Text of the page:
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Why Policeman’s Heel is no laughing matter
Many health conditions have a technical name, and a more commonly used colloquial name. Plantar Fasciitis – or Policeman’s Heel – is no exception. As the colloquial name suggests, Policeman’s Heel is common in people who stand or walk for long periods – so police officers, nurses, teachers often suffer from this painful condition.
Pain usually occurs around 5cm from the back of the heel, on the sole of the foot, and is generally worst when you first get out of bed in the morning, or get up after sitting for a prolonged period. Once you have been on you feet a while, it tends to ease, but will return towards the end of the day after a lot of walking or standing.
The condition is caused by inflammation in the ligament that supports the foot arch, where it attaches to the heel bone. When put under strain tiny tears can develop in the ligament, causing pain. Sometimes a bone spur will develop in this area.
Anyone can suffer from Plantar Fasciitis, but those with fallen or very high arches, or people who are overweight or have tight calf muscles are at particular risk.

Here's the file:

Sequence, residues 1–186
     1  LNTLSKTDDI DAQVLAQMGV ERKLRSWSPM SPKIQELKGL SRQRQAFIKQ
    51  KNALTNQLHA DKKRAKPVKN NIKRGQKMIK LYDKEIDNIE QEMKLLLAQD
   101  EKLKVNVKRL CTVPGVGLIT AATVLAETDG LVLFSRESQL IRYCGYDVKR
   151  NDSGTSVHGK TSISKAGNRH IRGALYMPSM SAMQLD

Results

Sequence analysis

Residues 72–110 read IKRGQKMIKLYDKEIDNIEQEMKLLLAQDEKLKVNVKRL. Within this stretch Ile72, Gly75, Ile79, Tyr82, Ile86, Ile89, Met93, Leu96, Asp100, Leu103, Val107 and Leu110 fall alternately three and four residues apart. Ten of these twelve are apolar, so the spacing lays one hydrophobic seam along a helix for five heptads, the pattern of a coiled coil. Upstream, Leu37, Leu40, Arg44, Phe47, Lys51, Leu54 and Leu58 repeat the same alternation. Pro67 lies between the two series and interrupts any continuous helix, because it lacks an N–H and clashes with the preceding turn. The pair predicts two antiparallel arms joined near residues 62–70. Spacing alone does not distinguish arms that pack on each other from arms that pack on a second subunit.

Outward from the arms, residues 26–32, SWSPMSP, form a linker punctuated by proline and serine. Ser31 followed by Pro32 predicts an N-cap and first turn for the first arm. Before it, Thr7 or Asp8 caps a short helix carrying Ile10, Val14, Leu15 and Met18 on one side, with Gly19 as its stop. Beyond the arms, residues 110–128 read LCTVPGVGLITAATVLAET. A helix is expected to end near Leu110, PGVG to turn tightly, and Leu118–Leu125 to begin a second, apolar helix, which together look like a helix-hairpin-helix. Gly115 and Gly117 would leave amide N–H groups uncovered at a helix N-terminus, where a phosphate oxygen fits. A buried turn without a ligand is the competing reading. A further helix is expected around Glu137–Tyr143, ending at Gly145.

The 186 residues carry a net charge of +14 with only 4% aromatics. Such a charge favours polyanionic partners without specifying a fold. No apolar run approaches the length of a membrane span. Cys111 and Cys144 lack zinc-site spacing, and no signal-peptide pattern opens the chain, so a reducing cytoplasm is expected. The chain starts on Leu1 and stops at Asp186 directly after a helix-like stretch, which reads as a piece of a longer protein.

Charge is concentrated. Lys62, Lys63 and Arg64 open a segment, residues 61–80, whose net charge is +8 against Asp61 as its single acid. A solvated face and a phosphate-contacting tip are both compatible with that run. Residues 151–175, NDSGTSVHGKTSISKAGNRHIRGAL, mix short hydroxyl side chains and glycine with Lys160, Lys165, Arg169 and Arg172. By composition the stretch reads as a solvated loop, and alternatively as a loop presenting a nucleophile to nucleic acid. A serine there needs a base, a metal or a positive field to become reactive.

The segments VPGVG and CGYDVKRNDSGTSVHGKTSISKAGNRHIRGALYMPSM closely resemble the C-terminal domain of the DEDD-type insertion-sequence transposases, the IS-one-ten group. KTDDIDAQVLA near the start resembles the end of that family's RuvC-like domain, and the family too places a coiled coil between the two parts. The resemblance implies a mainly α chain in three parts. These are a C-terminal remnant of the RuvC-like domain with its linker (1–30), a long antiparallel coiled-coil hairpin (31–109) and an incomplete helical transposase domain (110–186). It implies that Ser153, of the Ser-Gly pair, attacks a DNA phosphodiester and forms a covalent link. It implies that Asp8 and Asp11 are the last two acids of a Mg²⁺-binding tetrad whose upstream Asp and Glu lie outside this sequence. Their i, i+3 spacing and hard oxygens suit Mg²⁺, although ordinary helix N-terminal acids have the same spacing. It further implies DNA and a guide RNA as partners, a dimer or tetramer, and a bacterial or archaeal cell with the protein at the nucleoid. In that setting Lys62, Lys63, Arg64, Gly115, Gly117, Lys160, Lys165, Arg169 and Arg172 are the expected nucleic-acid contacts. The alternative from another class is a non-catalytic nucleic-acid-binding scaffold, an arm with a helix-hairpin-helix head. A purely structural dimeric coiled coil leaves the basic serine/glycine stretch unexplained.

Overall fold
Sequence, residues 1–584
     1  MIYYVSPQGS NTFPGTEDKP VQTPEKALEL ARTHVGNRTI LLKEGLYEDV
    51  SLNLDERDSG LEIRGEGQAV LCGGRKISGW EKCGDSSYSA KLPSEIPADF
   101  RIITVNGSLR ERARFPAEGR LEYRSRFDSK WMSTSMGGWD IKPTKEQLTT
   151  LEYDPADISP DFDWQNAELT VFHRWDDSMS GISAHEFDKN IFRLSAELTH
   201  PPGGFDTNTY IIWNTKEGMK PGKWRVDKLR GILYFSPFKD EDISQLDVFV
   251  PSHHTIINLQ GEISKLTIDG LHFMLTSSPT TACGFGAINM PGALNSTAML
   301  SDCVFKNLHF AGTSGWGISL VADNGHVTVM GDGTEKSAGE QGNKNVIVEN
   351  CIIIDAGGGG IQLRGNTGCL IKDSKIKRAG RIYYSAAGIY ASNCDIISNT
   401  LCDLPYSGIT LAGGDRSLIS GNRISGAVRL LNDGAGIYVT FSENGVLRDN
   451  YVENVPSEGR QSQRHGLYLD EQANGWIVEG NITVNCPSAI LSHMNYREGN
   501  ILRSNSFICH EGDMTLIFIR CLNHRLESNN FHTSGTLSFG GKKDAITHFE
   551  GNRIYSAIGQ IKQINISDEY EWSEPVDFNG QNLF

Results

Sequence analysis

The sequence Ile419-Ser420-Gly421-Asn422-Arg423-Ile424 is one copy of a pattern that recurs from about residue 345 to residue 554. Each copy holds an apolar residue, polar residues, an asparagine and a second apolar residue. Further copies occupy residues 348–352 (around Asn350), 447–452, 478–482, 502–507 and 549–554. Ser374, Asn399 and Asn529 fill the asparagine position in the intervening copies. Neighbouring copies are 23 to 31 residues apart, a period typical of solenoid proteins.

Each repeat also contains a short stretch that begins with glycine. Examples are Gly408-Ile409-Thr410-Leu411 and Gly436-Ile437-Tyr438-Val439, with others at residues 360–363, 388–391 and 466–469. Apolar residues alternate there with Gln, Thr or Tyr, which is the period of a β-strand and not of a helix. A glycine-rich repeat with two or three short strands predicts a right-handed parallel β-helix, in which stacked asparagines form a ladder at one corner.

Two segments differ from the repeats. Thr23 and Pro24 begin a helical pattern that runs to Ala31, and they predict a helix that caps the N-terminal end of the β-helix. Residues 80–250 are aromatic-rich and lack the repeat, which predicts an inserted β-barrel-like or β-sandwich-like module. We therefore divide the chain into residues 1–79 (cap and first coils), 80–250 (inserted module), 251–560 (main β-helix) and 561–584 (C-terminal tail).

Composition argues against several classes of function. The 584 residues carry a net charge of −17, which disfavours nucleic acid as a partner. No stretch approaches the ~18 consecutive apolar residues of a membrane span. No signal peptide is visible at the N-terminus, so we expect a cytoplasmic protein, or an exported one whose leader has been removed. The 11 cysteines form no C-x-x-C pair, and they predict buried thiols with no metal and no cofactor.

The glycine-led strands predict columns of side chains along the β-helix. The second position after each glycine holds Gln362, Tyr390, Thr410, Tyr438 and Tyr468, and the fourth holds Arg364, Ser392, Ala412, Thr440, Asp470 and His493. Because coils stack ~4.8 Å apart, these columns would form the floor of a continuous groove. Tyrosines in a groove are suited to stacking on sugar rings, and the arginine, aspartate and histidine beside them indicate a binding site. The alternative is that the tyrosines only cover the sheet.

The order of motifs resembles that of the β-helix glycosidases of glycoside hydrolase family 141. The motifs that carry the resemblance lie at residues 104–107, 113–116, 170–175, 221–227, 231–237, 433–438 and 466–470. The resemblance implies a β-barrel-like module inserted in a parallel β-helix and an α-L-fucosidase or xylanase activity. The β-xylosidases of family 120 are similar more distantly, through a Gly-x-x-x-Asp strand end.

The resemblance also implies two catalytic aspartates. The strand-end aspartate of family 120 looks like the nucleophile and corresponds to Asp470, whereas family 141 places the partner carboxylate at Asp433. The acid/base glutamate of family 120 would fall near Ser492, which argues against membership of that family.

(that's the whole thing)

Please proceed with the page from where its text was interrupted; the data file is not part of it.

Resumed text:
Treatment includes heat and cold therapies, taping of the lower leg and foot and the wearing of orthotics designed to relieve pressure on the affected area. Ultrasound and Shock Wave Therapy have also proved very effective in treating this painful condition.
Left untreated, Plantar Fasciitis will often resolve itself, but can take anywhere between 6 and 18 months to subside. So treatment by a qualified Chiropractor or Podiatrist is advised, as this will allow you to continue your normal routine without pain as quickly as possible.
The Chiropractors and Podiatrists at our Baulkham Hills Clinic can help treat Plantar Fasciitis and give you advice on exercises and footwear choices that will help avoid the problem recurring, and get you walking the beat again in no time!